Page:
FRANKFURT (Reuters) - A German court on Thursday ordered the government to decide whether to allow gunmaker Heckler & Koch to export parts to Saudi Arabia, handing a partial victory to the arms manufacturer.
Heckler & Koch, one of the world’s best-known gunmakers, filed a complaint last year against the government for delaying its decision on licensing the export of parts needed to manufacture its G36 assault rifle in Saudi Arabia. The firm applied for a permit more than two years ago.
Chancellor Angela Merkel’s government in 2008 approved the lucrative licensing deal that allows Saudi Arabia to produce the G36, despite concerns about human rights abuses in the Gulf kingdom.
The government changed its approach on arms exports two years ago following a storm of media criticism, and in January Economy Minister Sigmar Gabriel said Germany might look harder still at its arms exports to Saudi Arabia, after a wave of executions there.
Saudi Arabia executed 47 people in a single day in January, including a prominent Shi’ite Muslim cleric and dozens of members of the Sunni militant group al Qaeda.
Saudi Arabia has defended its human rights record by saying its legal system is based on Islam, its judiciary is independent and it does not use torture.
Frankfurt’s Administrative Court ruled on Thursday that the Federal Office for Export Control must now decide one way or another on the Heckler & Koch case.
“It may well be that it winds up being a negative decision,” Judge Rainald Gerster told the court, saying it was not the job of the court to make a political decision.
The company welcomed the court ruling. “That’s what we finally wanted to achieve,” said Uwe Brueggemann, the lawyer representing Heckler & Koch in the lawsuit.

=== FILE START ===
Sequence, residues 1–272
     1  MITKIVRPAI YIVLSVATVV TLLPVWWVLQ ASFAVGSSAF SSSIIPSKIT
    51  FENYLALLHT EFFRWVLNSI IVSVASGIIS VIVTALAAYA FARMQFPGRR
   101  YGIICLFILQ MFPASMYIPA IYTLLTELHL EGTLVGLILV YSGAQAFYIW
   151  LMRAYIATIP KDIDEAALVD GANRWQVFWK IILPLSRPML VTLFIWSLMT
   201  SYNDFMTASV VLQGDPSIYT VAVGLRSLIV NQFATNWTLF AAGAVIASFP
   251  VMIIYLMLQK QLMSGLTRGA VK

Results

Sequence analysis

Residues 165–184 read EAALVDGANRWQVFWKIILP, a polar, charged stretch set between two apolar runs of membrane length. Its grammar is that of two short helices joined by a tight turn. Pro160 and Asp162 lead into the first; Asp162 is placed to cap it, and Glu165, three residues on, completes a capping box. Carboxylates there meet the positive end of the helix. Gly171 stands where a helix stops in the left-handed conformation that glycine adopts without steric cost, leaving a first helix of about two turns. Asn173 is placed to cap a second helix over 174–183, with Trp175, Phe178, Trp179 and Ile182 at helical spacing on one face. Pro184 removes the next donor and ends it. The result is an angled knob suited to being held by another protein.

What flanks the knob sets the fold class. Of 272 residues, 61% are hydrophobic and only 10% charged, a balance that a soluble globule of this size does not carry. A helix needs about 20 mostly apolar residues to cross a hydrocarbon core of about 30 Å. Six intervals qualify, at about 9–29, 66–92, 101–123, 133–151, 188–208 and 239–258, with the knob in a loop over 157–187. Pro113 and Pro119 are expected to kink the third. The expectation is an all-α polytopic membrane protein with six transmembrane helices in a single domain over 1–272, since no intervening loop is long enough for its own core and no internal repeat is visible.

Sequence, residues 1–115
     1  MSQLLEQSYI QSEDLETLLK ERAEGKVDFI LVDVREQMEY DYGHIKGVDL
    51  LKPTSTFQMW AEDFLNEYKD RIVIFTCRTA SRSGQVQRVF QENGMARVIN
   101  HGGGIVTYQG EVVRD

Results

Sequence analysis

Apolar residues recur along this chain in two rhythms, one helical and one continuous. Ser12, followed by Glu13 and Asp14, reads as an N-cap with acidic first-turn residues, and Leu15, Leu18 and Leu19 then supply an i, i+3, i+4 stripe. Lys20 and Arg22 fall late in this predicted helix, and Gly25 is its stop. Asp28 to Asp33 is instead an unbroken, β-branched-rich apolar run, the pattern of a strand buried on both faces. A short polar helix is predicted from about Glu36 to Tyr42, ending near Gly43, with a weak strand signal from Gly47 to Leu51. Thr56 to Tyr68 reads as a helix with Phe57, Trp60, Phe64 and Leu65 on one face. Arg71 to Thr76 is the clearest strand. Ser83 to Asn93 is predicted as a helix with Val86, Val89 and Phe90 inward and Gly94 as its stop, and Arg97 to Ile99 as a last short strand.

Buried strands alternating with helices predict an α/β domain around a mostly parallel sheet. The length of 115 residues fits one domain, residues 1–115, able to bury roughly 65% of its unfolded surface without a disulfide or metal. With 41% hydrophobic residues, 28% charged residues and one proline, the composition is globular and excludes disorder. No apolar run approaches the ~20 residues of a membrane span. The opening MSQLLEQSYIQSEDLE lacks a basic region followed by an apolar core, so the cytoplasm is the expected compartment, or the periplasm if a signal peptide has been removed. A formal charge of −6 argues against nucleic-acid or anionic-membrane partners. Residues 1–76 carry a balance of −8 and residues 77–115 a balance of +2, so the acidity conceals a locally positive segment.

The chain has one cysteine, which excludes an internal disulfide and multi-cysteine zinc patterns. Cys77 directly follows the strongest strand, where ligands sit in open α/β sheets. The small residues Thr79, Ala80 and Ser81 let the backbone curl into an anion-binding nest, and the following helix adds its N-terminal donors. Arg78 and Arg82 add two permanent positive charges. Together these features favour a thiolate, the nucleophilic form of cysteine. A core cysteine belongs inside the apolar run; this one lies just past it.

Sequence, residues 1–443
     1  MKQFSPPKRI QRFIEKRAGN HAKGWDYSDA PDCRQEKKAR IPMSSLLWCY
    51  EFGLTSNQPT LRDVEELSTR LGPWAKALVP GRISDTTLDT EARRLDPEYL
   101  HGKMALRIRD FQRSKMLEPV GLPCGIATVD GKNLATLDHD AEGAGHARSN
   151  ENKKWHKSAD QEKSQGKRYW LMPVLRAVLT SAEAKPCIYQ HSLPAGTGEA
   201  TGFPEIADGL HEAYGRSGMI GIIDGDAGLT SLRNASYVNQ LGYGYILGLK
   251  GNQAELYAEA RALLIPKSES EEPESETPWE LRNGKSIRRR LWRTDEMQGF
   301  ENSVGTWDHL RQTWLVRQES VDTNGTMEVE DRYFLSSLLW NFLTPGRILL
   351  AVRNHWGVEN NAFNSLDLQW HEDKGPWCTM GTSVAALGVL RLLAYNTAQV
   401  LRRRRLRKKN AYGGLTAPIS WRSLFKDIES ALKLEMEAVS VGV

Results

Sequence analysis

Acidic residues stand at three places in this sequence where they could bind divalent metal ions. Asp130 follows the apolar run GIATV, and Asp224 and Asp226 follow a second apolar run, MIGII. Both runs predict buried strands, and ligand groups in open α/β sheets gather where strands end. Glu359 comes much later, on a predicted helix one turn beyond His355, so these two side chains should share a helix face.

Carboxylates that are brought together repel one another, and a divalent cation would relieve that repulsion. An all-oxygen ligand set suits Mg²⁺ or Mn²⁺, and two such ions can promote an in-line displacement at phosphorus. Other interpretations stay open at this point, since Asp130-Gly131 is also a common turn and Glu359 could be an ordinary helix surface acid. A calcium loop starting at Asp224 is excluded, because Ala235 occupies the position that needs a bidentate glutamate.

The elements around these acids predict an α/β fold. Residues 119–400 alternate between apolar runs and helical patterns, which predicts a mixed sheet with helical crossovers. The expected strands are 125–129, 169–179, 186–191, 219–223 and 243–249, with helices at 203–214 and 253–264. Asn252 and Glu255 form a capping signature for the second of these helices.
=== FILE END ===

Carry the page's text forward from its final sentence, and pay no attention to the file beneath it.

But the victory could turn out to be a Pyrrhic one.
The Economy Ministry said in a statement it had taken note of the ruling and would make a decision. It noted that Gabriel remained critical of exports to Saudi Arabia and had spoken out against an approval of the licence in February.
An economy ministry source said Gabriel, head of the Social Democrats, welcomed the ruling because it gave him the opportunity to make a decision, which had previously been blocked by his Christian Democrat coalition partners.
Despite Gabriel’s pledge in 2014 to take a more cautious approach on licensing arms exports, German exports of military equipment rose to around 7.5 billion euros ($8.54 billion) in 2015, he said in February.
In the first six months of 2015, Germany permitted the export of arms worth over 178 million euros to Saudi Arabia, according to a report by the economy ministry in October 2015.
Heckler & Koch’s G36 is standard issue for many armies around the globe and its HK416 assault rifle is said to have been used to kill Osama bin Laden.
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Writing by Caroline Copley; Editing by Andrew Roche